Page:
Prints are from The
Natural History of Carolina, Florida and the Bahama
Islands (1731 & 1771 Editions)
and are approximately Folio approx. 14" x 21"
Mark Catesby, born in comfortable
circumstances in Essex, England, was fortunate to form an early friendship
with the great English Natural
History scientist, John Ray (1635-1705). Ray published
with Francis Willoughby (1635-1672) the first systematic treatise on
Birds, Ornithologia Libri Tres (1676), laying
the foundation for British Ornithology. At the
age of twenty-nine, Catesby embarked for America to visit his sister,
Elizabeth, who had married
without their father’s consent. His brother-in-law, Dr. Cocke
was well established in Williamsburg and Catesby
was introduced to the leading lights of colonial Virginia, including
the wealthy and powerful
William Byrd II of Westover. George Washington
(1732-1799) was an intimate of the Byrd Family.
Catesby’s visit, which included a trip
to the West Indies in 1714, lasted seven years.
During this time he collected and shipped
seeds and botanical specimens to England and
observed and noted American birds and thus became
known in British scientific circles. Later, when the most prestigious English scientific
body, the Royal Society, organized a plant collecting
expedition to Carolina, Catesby
was recommended. William Sherad, a wealthy patron
of Natural History, who founded the Chair of
Botany at Oxford University, suggested Catesby “as
a man pretty well skilled in Natural History
designs and paints in watercolours to perfection.”Catesby returned to America in 1722 under the patronage of Sherad
and Sir Hans Sloane, whose extensive Natural History collection formed
the basis for the British Museum. During the four years he spent in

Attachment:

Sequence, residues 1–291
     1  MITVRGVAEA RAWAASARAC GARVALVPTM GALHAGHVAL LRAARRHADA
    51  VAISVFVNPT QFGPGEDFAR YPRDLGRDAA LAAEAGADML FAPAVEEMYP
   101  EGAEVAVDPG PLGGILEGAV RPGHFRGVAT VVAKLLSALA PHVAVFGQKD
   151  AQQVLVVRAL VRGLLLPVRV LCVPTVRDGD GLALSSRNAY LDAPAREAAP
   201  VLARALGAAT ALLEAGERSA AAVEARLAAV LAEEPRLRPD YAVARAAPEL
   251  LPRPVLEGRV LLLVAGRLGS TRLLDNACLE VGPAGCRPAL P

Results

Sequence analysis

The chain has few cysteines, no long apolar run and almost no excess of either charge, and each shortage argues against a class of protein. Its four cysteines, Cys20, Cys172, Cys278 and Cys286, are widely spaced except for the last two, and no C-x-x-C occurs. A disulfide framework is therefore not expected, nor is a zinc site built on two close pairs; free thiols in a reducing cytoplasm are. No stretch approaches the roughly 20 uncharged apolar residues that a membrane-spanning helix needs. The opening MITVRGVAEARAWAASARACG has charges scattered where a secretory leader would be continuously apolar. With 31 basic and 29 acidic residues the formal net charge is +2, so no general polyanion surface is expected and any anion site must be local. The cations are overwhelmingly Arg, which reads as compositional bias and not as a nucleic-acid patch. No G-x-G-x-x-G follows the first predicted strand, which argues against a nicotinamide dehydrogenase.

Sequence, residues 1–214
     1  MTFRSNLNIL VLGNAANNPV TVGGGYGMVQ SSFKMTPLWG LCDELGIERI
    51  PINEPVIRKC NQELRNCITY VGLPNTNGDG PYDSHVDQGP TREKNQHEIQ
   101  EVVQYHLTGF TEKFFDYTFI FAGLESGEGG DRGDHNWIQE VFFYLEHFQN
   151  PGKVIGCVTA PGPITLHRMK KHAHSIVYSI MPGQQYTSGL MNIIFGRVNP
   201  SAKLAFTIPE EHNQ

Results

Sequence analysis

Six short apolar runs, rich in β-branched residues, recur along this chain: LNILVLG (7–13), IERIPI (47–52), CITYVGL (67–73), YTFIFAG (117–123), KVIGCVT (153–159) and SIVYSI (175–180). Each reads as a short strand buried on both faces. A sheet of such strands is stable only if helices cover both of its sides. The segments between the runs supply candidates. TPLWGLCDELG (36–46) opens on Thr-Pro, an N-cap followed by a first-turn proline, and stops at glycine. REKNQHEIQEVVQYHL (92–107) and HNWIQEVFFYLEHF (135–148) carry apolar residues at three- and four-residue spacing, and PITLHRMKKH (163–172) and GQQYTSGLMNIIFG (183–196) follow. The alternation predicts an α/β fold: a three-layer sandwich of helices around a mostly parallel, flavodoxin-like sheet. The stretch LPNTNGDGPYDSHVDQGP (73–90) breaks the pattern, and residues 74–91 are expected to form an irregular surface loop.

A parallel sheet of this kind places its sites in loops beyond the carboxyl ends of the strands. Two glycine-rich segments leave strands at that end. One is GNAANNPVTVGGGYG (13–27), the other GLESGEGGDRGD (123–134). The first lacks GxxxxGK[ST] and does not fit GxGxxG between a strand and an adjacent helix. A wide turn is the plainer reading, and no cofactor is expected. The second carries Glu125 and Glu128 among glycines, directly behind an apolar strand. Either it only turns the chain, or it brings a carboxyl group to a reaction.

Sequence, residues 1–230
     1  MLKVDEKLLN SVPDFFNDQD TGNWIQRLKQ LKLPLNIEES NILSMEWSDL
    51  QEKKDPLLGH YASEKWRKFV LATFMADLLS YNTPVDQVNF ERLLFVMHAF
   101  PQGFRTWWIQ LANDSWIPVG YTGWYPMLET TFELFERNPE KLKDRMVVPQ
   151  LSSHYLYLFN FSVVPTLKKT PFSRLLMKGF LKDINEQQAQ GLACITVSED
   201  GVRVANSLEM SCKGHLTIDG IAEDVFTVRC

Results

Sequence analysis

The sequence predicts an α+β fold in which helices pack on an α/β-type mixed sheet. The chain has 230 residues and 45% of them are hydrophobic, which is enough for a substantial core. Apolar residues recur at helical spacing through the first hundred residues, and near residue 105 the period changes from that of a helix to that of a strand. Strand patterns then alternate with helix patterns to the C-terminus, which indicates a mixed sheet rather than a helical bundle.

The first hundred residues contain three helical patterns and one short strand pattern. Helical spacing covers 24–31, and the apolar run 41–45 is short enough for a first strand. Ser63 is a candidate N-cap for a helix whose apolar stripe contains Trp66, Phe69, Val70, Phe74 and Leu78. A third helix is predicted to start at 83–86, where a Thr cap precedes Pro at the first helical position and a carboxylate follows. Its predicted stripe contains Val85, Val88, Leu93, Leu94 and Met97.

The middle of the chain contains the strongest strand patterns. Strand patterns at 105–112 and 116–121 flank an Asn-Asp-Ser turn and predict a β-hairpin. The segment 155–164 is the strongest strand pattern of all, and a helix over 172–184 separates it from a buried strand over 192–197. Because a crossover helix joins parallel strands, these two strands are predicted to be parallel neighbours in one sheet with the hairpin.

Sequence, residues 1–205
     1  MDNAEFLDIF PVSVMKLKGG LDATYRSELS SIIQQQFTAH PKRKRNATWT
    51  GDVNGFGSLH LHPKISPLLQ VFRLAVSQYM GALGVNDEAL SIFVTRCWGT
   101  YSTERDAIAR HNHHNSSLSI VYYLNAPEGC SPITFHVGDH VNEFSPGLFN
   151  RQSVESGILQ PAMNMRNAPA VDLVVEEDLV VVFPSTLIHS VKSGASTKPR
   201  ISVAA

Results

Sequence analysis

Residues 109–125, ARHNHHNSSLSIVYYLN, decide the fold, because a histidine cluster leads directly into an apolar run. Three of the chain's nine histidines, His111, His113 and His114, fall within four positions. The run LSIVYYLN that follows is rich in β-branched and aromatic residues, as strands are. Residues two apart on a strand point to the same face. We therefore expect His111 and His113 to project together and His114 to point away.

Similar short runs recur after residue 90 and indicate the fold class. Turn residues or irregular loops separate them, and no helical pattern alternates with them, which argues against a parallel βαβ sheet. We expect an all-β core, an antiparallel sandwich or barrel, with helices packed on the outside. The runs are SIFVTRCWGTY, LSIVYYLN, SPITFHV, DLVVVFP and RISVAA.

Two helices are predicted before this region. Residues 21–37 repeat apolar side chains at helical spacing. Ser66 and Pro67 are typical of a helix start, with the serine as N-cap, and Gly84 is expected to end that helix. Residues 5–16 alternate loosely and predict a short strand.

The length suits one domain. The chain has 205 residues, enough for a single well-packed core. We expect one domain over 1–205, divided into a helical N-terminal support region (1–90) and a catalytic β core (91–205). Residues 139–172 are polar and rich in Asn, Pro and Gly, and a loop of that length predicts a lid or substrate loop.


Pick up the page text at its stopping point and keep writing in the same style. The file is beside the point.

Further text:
Charles Town (Charleston, South Carolina) he collected seeds, plants,
animals, fishes, turtles, snakes and birds.
One of his letters from Charles Town dated 15
November, 1723 states, “I
hope you have received the remains of a cargo of plants, birds, shells,
etc., which fel into the hands of pirats.” Catesby preserved
his birds by keeping them in alcohol or drying
them slowly in an oven and then stuffing them. The stuffed birds were
then sprinkled with
tobacco dust to deter insects and retain the
freshness of the plumage color.
These preserved specimens and his own field sketches from living
birds were the only evidence he had when he returned to England in
1726 to begin work on his opus, The Natural History of Carolina, Florida
and the Bahama Islands, containing the Figures of Birds, Beasts, Fishes,
Serpents, Insects and Plants, Particularly Those Not Hitherto Described,
or Incorrectly Figured by Former Authors, with their Descriptions
in English and French.
Mark Catesby, too poor by this time to engage a professional engraver,
etched his own copperplates for the reproduction of his splendid drawings.
To supply a mere one hundred copies of his first volume, finished
in 1732, required pulling ten thousand etchings from his 100 painstakingly
prepared copperplates, then watercoloring by hand each leaf, flower
and bird on each of these ten thousand plates! He labored on until
1746 when the 220th and final plate was printed. Reissued in 1754
and 1771, this great work was the first comprehensive study of American
Flora and Fauna.